1992. EGOS conference. The icarus paradox. Sage Publications: London. Free Press: New York. Miller. Routledge. M. Porter. D. Academy of Management Review. M. Acknowledgements A special thank you to Sally Davenport and Urs Daellenbach from the Victoria University of Wellington New Zealand for the guidance given when the research was conducted and to Sam Garret-Jones from the University of Wollongong for his comments/feedback on the article. J. 35 (1): 24. marketing and selling technology products to mainstream customers. 42(3): 5-17. The infeasibility of invariant laws in management studies: A reflective dialogue in defence of case studies. In search of excellence: Lessons from America’s best run companies. & Whitney. D. D. 1999. & Waterman. M. Business Horizons. Moore.stats. Miller. Competitive Advantage. 1982.135. Monsted. Free Press: New York. D. 2001. 1999. 2000. Yin. Peters. Managing uncertainties in R&D processes in small IT-firms. M.Miller. R. Harper & Row: New York. 1993. Crossing the Chasm. New Zealand Business Demographics Statistics. 21 . T. What is strategy? Harvard Business Review. The Journal of Business Strategy. Case study research. 1996. Treichler. Porter. T. Jensen S. Competitive Strategy. & Lake. J. R. 1980.. & Grossberg. & Davidson. C. 9(1): 215. accessed Feb. 2001. Organization Science. 1984. Porter. July 2001. High Tech Start Up .nz. The architecture of simplicity. Oxford University Press: New Zealand. 1986. 1998.The Complete Handbook for Creating Successful New High-Tech Companies. Beyond strategy: configuration as a pillar of competitive advantage. Dotlich. New York Nesheim. 18(1): 116. Statistics New Zealand. Revitalisation: The Honeywell Information Systems story. http://www. G. P. Business Horizons. 1992b. 1985. how exceptional companies bring about their own downfall. 1991. Starting Fieldwork: An introduction to Qualitative Research in New Zealand. L. 6(3): 70. Free Press: New York.govt. Cultural studies. D. Numagami. Harper Business: New York. C. M. . 74 (6): 61.Design and methods. Tolich. Nelson. Tichy N.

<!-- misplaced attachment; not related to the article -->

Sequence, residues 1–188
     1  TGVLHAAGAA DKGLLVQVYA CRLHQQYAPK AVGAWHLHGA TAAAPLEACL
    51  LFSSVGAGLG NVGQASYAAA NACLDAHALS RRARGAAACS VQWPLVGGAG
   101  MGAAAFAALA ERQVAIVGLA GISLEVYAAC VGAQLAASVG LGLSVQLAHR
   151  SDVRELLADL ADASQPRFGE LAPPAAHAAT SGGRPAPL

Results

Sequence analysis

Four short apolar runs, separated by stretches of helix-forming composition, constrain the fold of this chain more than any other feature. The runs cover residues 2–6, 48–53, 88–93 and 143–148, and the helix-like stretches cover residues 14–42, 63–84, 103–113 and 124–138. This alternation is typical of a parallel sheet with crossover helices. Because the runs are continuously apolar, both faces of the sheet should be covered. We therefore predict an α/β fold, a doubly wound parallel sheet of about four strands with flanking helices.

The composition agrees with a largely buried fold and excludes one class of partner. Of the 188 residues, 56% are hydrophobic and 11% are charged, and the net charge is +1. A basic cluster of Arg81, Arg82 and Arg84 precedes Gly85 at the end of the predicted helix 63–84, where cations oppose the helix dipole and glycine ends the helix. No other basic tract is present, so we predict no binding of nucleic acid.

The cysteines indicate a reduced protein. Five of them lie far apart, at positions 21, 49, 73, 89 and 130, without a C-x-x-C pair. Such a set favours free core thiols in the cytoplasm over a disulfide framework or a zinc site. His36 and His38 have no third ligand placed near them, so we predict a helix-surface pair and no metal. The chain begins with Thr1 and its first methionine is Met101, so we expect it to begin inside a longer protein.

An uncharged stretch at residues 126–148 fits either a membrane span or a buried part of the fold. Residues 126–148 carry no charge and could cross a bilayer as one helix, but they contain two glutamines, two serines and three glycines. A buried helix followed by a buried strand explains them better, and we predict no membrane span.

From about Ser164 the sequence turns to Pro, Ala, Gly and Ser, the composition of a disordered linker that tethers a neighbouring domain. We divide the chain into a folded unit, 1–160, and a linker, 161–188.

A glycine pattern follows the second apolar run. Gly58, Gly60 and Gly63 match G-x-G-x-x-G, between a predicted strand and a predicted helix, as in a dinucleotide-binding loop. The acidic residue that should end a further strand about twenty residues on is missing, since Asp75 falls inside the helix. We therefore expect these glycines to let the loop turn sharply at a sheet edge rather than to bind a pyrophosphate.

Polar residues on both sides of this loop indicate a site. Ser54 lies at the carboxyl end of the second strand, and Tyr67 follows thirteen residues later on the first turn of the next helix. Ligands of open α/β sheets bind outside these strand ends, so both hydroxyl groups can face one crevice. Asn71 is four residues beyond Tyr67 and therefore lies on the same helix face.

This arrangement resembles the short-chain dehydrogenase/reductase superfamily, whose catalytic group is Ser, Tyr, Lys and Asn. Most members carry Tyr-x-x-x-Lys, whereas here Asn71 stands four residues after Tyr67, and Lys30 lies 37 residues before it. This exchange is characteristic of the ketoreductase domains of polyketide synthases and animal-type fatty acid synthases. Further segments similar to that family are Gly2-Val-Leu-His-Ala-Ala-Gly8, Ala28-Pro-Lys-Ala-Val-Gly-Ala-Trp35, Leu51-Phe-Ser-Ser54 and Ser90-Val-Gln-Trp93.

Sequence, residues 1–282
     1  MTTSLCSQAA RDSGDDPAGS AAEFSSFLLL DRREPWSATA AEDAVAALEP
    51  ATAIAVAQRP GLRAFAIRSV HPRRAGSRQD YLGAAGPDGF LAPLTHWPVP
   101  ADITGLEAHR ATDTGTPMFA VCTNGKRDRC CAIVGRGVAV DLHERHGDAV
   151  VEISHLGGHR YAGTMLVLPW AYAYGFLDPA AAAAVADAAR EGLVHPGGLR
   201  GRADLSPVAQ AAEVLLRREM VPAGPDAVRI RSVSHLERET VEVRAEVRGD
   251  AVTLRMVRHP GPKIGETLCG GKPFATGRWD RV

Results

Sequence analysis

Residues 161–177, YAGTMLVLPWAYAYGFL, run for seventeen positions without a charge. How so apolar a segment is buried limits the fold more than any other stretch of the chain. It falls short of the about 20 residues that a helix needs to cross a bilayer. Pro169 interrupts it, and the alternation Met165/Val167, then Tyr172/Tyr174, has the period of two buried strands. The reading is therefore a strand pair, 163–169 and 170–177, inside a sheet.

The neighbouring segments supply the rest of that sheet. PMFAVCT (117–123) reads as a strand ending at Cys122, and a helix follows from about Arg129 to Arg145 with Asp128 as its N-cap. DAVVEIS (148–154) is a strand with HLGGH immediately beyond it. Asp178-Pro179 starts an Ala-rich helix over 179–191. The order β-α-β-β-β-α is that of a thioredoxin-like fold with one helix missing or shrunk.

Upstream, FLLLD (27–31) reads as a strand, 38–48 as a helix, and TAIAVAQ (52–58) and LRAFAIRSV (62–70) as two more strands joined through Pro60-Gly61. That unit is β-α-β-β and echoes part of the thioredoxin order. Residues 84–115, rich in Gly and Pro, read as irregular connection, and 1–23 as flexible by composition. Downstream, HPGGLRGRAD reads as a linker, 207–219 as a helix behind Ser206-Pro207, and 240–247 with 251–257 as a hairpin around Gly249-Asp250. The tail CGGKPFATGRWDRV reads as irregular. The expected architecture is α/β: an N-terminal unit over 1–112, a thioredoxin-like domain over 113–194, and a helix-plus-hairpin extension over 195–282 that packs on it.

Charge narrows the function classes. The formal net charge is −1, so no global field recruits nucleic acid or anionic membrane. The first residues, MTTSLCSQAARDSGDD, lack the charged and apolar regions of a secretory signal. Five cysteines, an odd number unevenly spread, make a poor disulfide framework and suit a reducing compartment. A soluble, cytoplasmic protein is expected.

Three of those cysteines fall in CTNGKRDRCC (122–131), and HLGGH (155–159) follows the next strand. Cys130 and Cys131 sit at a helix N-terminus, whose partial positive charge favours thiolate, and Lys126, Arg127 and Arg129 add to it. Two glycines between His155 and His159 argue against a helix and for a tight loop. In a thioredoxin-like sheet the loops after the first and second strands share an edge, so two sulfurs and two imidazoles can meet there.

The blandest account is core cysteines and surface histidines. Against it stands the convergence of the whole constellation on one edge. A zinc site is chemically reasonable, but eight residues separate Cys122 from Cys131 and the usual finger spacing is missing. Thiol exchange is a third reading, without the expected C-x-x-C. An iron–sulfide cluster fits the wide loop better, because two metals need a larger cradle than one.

Mercury Pluto Saturn Uranus Survival profitable Jupiter Marginally Excessively complex strategy realisation Self-funding/self-sustaining model Combined Self-funding with External Funding Business Model Type 21 External Funding .Exhibit I: Organizational Performance and Business Model Adopted by IT start up Organizations Profitable Moderately simple strategy realisation Earth Venus Mars Downsize Receivership Neptune.

Exhibit II: Strategic Dimensions and Characteristics of Strategy groupings No balance and excessive strategic complexity Earth Mars/ Neptune/ Venus Lacking Strategic Scope Mercury Overall balance and moderate strategic complexity/simplicity Moderate Moderate Saturn Uranus Jupiter/ Pluto Narrow No balance and excessive strategic simplicity Narrow Moderate Activity Configuration 22 Broad Excessive Strategic Particularity Broad .

23 .

Master your semester with Scribd & The New York Times

Special offer for students: Only $4.99/month.

Master your semester with Scribd & The New York Times

Cancel anytime.